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Agapanthus and frost.

Guys - quick question.

****Im a Novice Gardener****

I am growing about 40 odd Agapathus seedlings which I grew from seeds found in Portugal.

They are growing well and are about 2 years old.

I have struggled to have room for them all inside  (no greenhouse) and have left some outside. 

I have no idea if they are of the hardy variety or not.

We had a hardish frost last week and the ones that I left outside appear unaffected. There have  been a couple of frosts since.  Still no damage.

Question - Am I able to conclude that they are Frost Hardy, or is this not a conclusion I can not jump to for any reason?

Thanks in advance,image


Last edited: 08 November 2016 22:43:22


  • Understood.

    Is your suspicion based on the origin?  Its only that they were not growing wild they were planted in a resort tended by 1000's of gardeners? My understanding was that agapanthus are as likely as not to be hardy? image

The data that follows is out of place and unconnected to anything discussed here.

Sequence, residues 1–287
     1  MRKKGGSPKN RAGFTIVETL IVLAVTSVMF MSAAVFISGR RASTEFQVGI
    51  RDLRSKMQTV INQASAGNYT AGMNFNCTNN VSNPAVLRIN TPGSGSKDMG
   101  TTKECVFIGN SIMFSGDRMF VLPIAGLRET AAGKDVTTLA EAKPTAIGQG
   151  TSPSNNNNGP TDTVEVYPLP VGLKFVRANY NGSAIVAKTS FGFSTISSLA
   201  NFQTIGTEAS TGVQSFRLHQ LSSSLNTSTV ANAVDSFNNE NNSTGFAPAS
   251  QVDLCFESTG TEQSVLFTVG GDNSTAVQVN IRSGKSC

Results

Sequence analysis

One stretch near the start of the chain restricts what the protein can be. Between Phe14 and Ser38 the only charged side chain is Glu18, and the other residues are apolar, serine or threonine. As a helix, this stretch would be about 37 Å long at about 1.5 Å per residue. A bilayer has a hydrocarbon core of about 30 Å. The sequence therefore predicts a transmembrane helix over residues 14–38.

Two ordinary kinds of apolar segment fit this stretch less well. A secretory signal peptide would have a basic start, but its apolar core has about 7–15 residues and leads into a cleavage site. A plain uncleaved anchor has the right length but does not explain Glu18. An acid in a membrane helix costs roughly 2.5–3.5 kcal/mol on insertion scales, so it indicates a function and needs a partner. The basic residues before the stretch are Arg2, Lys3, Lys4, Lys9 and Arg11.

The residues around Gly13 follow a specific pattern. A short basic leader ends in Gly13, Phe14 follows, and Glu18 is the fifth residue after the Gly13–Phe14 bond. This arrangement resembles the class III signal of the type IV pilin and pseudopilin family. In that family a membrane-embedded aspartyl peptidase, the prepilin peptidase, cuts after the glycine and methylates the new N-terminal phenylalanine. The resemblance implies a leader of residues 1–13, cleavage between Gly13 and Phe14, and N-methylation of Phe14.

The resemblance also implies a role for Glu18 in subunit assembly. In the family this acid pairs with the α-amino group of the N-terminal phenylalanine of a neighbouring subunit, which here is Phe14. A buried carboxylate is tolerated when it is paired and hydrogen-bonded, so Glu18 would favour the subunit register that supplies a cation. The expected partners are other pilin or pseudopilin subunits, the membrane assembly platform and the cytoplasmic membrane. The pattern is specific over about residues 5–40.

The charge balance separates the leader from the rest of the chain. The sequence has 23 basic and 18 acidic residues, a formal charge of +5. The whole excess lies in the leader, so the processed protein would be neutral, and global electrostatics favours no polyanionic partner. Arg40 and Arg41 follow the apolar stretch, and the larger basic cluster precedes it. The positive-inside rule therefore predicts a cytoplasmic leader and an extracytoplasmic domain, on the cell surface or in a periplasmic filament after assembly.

• No not at all, its helpful. I have spent so much time faffing about with them I couldnt bear to lose them to a cold night! (Sad i know) Im sort of hoping they will be hardyish when adults so I can plant en masse as i have seen wonderful displays like that. One question - if they are not hardy why has the frost not killed them? I remember planting out some runner beans a week too early and a snap frost killed the lot on one night? This hasnt happened with the  agapanthus - sorry for all the questions...

  • PosyPosy Posts: 3,601

    If you get a prolonged cold spell the soil and the roots as well as any leaves will freeze solid. This will really test your young agapanthus and may prove fatal. I grow them outdoors in the ground and some in containers, which go into the coldframe for the winter. They all do well but none originated in warmer climes. The only way to find out is to expose some of your babies to the cold - if you can face it.

  • Busy-LizzieBusy-Lizzie Posts: 21,695

    The deciduous ones with thinner leaves tend to be more hardy than some others.

    Dordogne and Norfolk. Clay in Dordogne, sandy in Norfolk.
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